• School for Snobs (artist J. Badesa, writers Pat Mills and John Wagner)
  • Rona Rides Again (artist Eduardo Feito)
  • Lulu (cartoon)
  • Skimpy Must Ski! (artist Tom Hurst) – final episode
  • The Long and the Short (artist Antonio Borrell)
  • Steffi in the Swim (artist Victor Ramos?)
  • No Hope for Cathy (artist Victor Hugo Arias)
  • Maisie’s Magic Eye (artist Robert MacGillivray)
  • A Special Tammy Portrait – Ryan O’Neal
  • Talk It over with Trudy – problem page
  • The Champion from Nowhere (artist Tom Hurst)
  • Paula on a String
  • No Tears for Molly (artist Tony Thewenetti, writer Maureen Spurgeon)

Easter is coming, so I am bringing out some Easter-themed Tammys from my collection. This is the earliest one I have, and it’s from 1972. It has a very cute cover on making decorated Easter eggs. The date coincides with April Fool’s Day, so it’s not surprising to see Lulu (Tammy’s cartoon strip at the time) play April Fool’s jokes with Easter eggs. But she’s the one who becomes the fool because her April Fool’s jokes all rebound on her. At least the one Mum plays on Lulu is a good-natured one that gives Lulu a happy ending, in the form of a ticket to the circus. Tammy also has an Easter-themed competition. Just find the two Easter eggs that are identical and you are in the running to win a mini-mod wrist watch!

It is part two of “Lori Left Behind”. Lori Danby’s father did not make a wise choice in leaving her in the care of the Jimsons – they are making her an unpaid slave in their café. Lori is trying numerous ways to escape. So far she’s not had any success, but by the end of this episode she has come up with an idea that sounds like a winner. Let’s see if it is next week.

“School for Snobs”, one of Tammy’s classic stories, is on part two as well. Two ultra-snobby sisters, Cynthia and Pamela Masters, have been sent to a special school that reforms snobs. It does so in wacky ways that provide loads of laughs for the readers. Cynthia and Pamela aren’t giving up their snobbish ways that easily, but by the end of the episode headmistress Hermione Snoot is confident that her school is starting to take effect on them. Don’t be too sure about that, Hermione – you’re only on part two, after all!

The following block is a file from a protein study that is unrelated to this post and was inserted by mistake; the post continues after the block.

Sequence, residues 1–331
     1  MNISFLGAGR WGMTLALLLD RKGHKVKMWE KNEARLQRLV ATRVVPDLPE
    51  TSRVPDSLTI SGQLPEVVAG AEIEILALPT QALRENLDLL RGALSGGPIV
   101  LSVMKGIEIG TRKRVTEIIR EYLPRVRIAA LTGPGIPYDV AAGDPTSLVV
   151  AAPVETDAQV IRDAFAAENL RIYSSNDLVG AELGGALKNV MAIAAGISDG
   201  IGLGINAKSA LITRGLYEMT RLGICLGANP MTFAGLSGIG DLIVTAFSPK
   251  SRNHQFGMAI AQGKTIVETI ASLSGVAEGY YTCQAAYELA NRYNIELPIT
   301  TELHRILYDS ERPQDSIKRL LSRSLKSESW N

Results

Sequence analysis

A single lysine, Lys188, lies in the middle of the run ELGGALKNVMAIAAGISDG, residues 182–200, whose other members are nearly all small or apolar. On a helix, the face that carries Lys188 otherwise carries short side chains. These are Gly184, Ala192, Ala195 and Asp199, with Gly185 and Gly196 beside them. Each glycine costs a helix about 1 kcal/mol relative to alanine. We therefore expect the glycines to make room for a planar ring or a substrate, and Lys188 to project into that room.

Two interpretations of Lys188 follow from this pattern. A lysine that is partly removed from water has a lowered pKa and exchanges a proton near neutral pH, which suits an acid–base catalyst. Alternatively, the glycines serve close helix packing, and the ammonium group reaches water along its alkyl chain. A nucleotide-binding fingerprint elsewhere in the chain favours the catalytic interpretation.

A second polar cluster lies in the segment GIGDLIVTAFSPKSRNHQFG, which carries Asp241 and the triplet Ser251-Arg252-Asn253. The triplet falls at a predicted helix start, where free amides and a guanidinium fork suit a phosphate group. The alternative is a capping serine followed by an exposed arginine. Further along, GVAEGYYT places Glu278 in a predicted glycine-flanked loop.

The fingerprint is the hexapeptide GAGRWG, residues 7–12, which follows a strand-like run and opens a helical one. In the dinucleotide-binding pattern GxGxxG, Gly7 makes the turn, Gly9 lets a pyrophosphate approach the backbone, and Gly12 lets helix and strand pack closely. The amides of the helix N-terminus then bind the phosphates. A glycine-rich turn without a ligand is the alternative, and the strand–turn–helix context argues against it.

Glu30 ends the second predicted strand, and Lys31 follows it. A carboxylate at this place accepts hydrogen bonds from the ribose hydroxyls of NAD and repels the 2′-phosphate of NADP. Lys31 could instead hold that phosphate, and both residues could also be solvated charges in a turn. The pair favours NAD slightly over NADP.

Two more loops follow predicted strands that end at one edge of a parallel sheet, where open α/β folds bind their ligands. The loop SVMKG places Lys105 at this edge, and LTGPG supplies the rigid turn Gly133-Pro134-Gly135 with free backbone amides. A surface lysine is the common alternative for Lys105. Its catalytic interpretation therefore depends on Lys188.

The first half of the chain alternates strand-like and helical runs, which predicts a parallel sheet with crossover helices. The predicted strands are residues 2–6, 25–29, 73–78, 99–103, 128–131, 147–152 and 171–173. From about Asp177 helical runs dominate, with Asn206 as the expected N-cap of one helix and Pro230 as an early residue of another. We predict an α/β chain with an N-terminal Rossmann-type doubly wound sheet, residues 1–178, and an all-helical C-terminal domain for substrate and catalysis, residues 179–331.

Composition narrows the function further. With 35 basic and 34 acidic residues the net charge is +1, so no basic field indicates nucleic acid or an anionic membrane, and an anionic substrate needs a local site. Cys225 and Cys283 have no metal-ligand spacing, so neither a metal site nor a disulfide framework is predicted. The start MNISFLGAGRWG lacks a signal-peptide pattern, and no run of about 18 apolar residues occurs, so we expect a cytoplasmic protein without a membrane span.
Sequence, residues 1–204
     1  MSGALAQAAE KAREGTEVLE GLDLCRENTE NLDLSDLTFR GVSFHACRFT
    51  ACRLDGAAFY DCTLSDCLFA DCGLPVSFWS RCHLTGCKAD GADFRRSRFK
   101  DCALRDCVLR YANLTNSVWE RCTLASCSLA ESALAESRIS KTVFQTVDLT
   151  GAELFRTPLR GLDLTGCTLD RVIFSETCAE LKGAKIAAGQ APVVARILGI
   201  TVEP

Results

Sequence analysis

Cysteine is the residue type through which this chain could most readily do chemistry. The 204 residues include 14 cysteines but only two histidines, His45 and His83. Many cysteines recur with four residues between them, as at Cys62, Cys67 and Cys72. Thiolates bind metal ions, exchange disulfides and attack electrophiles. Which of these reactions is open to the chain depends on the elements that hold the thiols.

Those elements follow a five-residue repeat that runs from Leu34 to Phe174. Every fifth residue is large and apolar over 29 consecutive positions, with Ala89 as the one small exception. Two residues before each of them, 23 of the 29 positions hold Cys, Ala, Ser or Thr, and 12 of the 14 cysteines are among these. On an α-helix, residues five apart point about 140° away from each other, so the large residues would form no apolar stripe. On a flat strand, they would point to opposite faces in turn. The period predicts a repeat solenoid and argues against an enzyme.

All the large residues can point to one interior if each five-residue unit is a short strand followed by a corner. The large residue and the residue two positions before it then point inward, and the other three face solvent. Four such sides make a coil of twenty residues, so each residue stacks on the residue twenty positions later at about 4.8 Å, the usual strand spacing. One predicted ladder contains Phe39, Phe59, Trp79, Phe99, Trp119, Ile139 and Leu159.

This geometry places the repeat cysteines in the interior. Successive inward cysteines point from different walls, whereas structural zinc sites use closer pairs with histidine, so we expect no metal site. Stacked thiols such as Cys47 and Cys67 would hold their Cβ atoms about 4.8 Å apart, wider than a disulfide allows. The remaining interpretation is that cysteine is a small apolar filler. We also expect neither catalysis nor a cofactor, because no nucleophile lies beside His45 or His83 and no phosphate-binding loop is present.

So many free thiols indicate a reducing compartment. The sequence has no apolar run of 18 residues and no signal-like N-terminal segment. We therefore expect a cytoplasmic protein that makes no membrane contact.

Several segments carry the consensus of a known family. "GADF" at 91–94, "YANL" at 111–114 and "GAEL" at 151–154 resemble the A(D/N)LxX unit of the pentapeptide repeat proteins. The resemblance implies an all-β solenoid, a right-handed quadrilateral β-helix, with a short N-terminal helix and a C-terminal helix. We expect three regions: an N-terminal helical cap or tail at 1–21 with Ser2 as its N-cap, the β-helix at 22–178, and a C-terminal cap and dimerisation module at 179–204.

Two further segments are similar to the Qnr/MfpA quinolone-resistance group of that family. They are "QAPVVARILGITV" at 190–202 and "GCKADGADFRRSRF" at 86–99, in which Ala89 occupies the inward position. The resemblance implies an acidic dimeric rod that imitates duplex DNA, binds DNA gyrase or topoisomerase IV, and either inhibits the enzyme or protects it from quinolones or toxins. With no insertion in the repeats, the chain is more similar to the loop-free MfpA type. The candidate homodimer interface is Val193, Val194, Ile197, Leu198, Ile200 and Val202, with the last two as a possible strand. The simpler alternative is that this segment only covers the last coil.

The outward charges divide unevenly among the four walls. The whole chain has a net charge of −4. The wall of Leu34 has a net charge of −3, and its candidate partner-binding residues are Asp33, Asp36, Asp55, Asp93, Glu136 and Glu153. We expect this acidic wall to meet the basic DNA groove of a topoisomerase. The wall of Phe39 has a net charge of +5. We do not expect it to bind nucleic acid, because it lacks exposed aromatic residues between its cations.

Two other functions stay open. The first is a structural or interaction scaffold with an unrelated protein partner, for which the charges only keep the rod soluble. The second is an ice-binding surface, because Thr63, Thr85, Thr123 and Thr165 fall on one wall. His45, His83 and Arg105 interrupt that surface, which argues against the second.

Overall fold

“Rona Rides Again” was reprinted in Jinty annual 1982. Rona Danby is regaining her nerve for riding with the aid of her new horse Flo. The trouble is, Flo is prone to strange fits, which messes up her gymkhana performance with Rona in this episode. It also has people saying she is a rogue horse that must be destroyed, so Rona has to keep Flo protected from that.

It’s a double helping of Tom Hurst artwork. The first is in the final episode of “Skimpy Must Ski!”, where Skimpy Shaw must win a big ski race. Unfortunately her rival is pulling all sorts of dirty tricks to get ahead. The other is “The Champion from Nowhere”. Ma Sload takes advantage of the protagonist losing her memory to entrap her with lies, make her a slave, and give her the false identity of Mary Spinks. Ma is even using “Mary’s” talent for tennis to enslave her. “Mary” is now beginning to suspect that Ma Sload has told her a load of lies about her identity, but it looks like Ma Sload is about to pull another trick to foil that one.

“Maisie’s Magic Eye” makes Miss Morphit (“Morphy”), the tyrannical sports mistress of the piece, jump in the river after saying “Oh, go jump in the river, Morphy!” to an early gym session. This backfires in the end because it gives Morphy the idea of making the class go swimming in the river instead of gym. Brrrr!

On the subject of swimming, “Steffi in the Swim” is an odd swimming serial. Steffi James is terrified of swimming after a childhood incident, but she’s receiving swimming lessons from a coach who is so mysterious that she keeps in the shadows while giving Steffi swimming lessons and Steffi does not even know her name. Even more oddly, she’s starting Steffi off with backstroke instead of freestyle. As it is, Steffi is now beginning to swim, but now bullies are getting suspicious of her secret.

“The Long and the Short” are two cousins, one tall (Debbie) and one short (Vally), who are in an athletics team. Vally gets dropped because the wrong shoes make her perform badly. She gets reinstated with Aunty Nan’s help, but Debbie is worried because she has not heard from her parents. Then a telegram arrives. Will it have good or bad news about Debbie’s parents?

“Paula on a String” is being forced by her uncle and aunt to pretend to be a long-lost granddaughter in order to cheat Mrs Morley out of money. Paula decides to stop the charade and leaves Mrs Morley a note about it. However, her scheming relatives aren’t giving up and are planning something even worse to get what they want out of Mrs Morley. But what is their plan?

Pickering, the cruel butler in Molly Mills, is convinced a ghost is haunting him (the bully does betray a superstitious streak now and then). Meanwhile, Molly is convinced that the caretaker, Carter, is acting suspiciously. Things take a really bizarre turn when Pickering sacks Carter – and then disappears from Stanton Hall. His note says he is quitting Stanton Hall because he can’t stand that ghost any longer.